Developing a facility for glass façade performance testing
Luther, M.B., Horan, P. and van, Kan D.J. 2012, Developing a facility for glass façade performance testing, in ASA 2012 : Building on knowledge, theory and practice : Proceedings of the 46th Annual Conference of the Architectural Science Association, Architectural Science Association, Gold Coast, Qld., pp. 1-7.
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ASA 2012 : Building on knowledge, theory and practice : Proceedings of the 46th Annual Conference of the Architectural Science Association
Architectural Science Association Conference
Architectural Science Association
Place of publication
Gold Coast, Qld.
This research aims to investigate whether real spaces can support legitimate measurements on glazing energy and thermal comfort analysis. This paper presents the development of a research facility for doing this. It will test simple to complex glazing and shading systems in a real (occupied) interior office environment. The purpose of this research project is to compare measured results with those being simulated with existing software and to discover discrepancies between simulation and real measured results. What parameters characterize a glazing system, whether simple or complex? Can these parameters be used to predict the energy transfer and comfort in the space? One must begin with simple glazing systems and verify measured with readily known simulated results. It is, at present, very difficult to use geometric based software with thermal based software to predict the performance of complex glazing systems. However, if we can characterize glazing systems with a set of reliable measurements, we can provide the data necessary for predicting performance in a live space. Specifically, the Solar Heat Gain Coefficient (SHGC) is a variable parameter based upon solar incident angle to a glazing system and is intended to be measured in its integral components: solar transmittance and inward-flowing fraction (radiative/convective) heat gain. A new instrumental approach through variable surface coated heat flux meters is being investigated to provide the measurement of interior glazing surface radiative and convective heat gain. The results suggest that this instrumentation may support be a viable method of testing inward-flowing heat gains from the interior glass surface. The test set-up also considers the application of a well-known B&K 1221 Comfort Meter for determining thermal comfort responses in the ‘perimeter zone’ on the interior side of a façade. This work requires further investigation, but is intended to be used in conjunction with solar pyranometers measuring transmittance as well as the heat flux meter and surface temperature instrumentation.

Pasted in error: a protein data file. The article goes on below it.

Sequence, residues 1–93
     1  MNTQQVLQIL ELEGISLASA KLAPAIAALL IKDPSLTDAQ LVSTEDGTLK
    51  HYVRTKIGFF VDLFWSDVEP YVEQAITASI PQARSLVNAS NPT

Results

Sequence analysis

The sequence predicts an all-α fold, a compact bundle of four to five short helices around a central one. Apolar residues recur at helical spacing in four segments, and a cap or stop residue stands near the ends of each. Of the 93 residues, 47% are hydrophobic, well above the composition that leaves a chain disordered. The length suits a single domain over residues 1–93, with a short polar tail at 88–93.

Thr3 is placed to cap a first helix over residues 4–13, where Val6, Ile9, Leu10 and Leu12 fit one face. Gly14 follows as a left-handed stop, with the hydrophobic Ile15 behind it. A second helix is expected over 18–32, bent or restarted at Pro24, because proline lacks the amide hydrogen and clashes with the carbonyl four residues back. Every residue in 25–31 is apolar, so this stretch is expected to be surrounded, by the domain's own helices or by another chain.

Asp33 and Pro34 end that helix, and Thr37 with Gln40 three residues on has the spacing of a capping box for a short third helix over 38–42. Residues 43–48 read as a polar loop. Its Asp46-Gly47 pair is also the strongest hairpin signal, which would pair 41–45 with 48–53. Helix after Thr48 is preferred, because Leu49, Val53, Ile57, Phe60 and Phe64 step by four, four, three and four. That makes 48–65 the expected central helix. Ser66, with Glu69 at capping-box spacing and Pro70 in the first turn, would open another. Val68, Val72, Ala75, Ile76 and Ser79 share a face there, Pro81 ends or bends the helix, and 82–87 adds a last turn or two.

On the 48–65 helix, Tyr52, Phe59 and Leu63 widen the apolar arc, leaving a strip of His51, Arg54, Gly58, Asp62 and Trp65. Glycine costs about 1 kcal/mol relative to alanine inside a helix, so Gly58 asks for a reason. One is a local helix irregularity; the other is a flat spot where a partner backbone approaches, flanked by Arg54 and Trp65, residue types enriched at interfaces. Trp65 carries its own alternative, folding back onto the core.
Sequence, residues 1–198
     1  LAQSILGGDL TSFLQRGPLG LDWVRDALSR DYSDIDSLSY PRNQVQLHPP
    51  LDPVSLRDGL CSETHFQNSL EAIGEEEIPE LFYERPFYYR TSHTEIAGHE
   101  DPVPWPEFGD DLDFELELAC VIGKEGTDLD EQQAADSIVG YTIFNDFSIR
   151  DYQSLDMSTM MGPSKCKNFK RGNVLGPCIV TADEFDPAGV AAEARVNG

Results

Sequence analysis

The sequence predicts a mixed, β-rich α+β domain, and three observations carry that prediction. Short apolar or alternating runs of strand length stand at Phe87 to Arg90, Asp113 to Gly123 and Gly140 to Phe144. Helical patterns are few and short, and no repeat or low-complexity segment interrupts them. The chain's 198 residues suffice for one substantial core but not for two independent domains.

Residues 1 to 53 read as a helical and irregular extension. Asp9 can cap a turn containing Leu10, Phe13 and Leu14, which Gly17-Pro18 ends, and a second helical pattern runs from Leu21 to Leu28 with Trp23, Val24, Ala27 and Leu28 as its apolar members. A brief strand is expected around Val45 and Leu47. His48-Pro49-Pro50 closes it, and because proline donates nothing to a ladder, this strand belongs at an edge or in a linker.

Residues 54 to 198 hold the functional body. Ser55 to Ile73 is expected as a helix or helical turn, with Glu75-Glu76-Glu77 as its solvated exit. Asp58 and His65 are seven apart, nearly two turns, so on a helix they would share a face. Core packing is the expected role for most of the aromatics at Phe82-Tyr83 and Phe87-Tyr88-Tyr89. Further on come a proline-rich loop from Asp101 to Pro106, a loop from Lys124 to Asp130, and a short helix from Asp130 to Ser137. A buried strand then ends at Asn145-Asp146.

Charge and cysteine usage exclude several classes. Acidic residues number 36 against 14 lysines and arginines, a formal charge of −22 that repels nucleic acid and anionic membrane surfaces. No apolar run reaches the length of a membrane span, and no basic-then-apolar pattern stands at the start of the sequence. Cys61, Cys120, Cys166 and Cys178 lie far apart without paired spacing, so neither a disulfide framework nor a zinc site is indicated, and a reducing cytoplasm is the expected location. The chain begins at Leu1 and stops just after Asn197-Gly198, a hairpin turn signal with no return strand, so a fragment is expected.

Faculty audit 11/4/13 SJD- upgraded to E1 and 2 x evid attached.
Field of Research
120104 Architectural Science and Technology (incl Acoustics, Lighting, Structure and Ecologically Sustainable Design)
Socio Economic Objective
859899 Environmentally Sustainable Energy Activities not elsewhere classified
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